A newly discovered set of clinical variables may be able to determine whether individuals with asthma would benefit from systemic corticosteroid treatment, according to a new study.1
The researchers identified the 12 variables via machine learning techniques, and when processed by computer software, the variables can precisely predict an individual’s response to systemic corticosteroids.
To evaluate the response to corticosteroids across different asthma subphenotypes, the researchers applied a machine learning algorithm to 100 clinical, physiologic, inflammatory, and demographic variables from 346 adult participants with asthma in the Severe Asthma Research Program.
The algorithm identified 4 subgroups with different responses to corticosteroids.
Subgroups 1 and 2 were comprised of younger participants with allergic asthma and relatively normal lung function who were moderately responsive to the treatment. The 2 groups differed in their sputum neutrophil and macrophage percentages post-steroids.
The third group identified consisted of those with late-onset asthma, low lung function, and high baseline eosinophilia. This group was found to be most responsive to corticosteroids.
The final group consisted of primarily young women with obesity, severe airflow limitation, and little eosinophilic inflammation. This group was the least responsive to treatment.
Of the 100 variables the algorithm analyzed, the researchers determined that 12—including age of onset, weight, race, and scores on a quality-of-life questionnaire—could correctly categorize patients with high confidence if processed by a computer app. This was validated using an independent SARP test set on 182 additional participants.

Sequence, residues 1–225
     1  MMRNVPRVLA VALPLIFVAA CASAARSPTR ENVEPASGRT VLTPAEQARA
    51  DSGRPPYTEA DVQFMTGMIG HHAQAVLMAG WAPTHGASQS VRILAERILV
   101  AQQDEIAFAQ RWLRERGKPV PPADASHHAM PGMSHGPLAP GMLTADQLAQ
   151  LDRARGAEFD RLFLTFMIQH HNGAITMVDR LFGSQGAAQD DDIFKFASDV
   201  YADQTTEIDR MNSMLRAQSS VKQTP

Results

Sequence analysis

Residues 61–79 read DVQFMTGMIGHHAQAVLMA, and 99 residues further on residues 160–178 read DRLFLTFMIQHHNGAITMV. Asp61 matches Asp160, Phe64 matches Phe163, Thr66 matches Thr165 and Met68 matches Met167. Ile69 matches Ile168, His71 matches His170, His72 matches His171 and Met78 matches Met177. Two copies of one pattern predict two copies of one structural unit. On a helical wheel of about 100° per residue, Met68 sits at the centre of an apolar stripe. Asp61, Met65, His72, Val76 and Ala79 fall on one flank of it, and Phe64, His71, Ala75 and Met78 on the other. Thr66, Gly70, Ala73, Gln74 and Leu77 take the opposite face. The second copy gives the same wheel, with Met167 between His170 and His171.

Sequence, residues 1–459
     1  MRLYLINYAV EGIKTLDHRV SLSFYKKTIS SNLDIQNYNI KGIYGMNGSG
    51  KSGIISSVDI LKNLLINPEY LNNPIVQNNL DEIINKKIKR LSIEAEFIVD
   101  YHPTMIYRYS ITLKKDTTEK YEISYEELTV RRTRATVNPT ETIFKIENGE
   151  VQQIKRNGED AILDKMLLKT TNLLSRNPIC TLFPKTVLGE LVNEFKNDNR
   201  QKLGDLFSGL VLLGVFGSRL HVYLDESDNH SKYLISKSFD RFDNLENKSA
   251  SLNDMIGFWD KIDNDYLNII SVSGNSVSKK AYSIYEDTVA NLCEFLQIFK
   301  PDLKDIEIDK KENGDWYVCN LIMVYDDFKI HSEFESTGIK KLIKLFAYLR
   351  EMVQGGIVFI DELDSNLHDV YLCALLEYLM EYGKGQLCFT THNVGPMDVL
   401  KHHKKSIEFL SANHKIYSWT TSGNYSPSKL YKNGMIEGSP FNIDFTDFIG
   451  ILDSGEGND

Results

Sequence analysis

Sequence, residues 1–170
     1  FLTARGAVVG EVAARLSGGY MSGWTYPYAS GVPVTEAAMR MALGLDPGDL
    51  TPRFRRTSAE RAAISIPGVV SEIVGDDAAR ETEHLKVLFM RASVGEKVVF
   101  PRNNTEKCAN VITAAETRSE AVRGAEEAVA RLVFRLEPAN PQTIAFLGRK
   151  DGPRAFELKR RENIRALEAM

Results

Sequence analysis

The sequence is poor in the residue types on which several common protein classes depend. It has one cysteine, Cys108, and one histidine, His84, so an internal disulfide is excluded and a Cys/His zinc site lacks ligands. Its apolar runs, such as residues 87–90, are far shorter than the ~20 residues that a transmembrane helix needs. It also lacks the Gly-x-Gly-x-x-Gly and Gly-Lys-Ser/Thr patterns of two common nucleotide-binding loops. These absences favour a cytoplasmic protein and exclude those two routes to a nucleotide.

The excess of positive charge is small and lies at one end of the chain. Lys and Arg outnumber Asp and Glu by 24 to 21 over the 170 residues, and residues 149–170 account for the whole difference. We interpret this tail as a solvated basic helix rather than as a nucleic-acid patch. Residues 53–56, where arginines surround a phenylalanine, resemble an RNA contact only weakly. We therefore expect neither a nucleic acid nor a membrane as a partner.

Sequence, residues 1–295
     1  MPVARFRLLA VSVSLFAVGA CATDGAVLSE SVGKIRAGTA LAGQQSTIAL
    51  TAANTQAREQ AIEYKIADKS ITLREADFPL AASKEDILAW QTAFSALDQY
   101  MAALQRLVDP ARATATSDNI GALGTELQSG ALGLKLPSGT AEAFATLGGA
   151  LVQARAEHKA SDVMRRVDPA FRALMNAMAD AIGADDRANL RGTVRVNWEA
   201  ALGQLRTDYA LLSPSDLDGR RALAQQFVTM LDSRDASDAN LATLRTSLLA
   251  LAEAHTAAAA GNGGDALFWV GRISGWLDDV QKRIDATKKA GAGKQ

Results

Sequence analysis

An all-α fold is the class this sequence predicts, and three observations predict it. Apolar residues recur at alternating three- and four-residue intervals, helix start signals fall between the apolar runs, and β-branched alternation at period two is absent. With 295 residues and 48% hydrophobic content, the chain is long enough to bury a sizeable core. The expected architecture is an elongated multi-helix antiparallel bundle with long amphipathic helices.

“We believe we’ve made progress toward making precision medicine a reality,” said study coauthor Dr Wei Wu. “Five years ago, we were only able to categorize patients clinically. Now, using incredibly complex data, we’re able to predict how these subgroups will respond to a critical drug treatment.”2
Wu W, Bang S, Bleecker ER, et al. Multiview cluster analysis identifies variable corticosteroid response phenotypes in severe asthma [published online January 25, 2019]. Am J Respir Crit Care Med. https://doi.org/10.1164/rccm.201808-1543OC.
New method identifies which asthma patients respond to systemic corticosteroids [press release]. Pittsburgh, PA: Carnegie Mellon University; February 20, 2019.https://www.cmu.edu/news/stories/archives/2019/febr uary/asthma-predictions.html. Accessed February 20, 2019.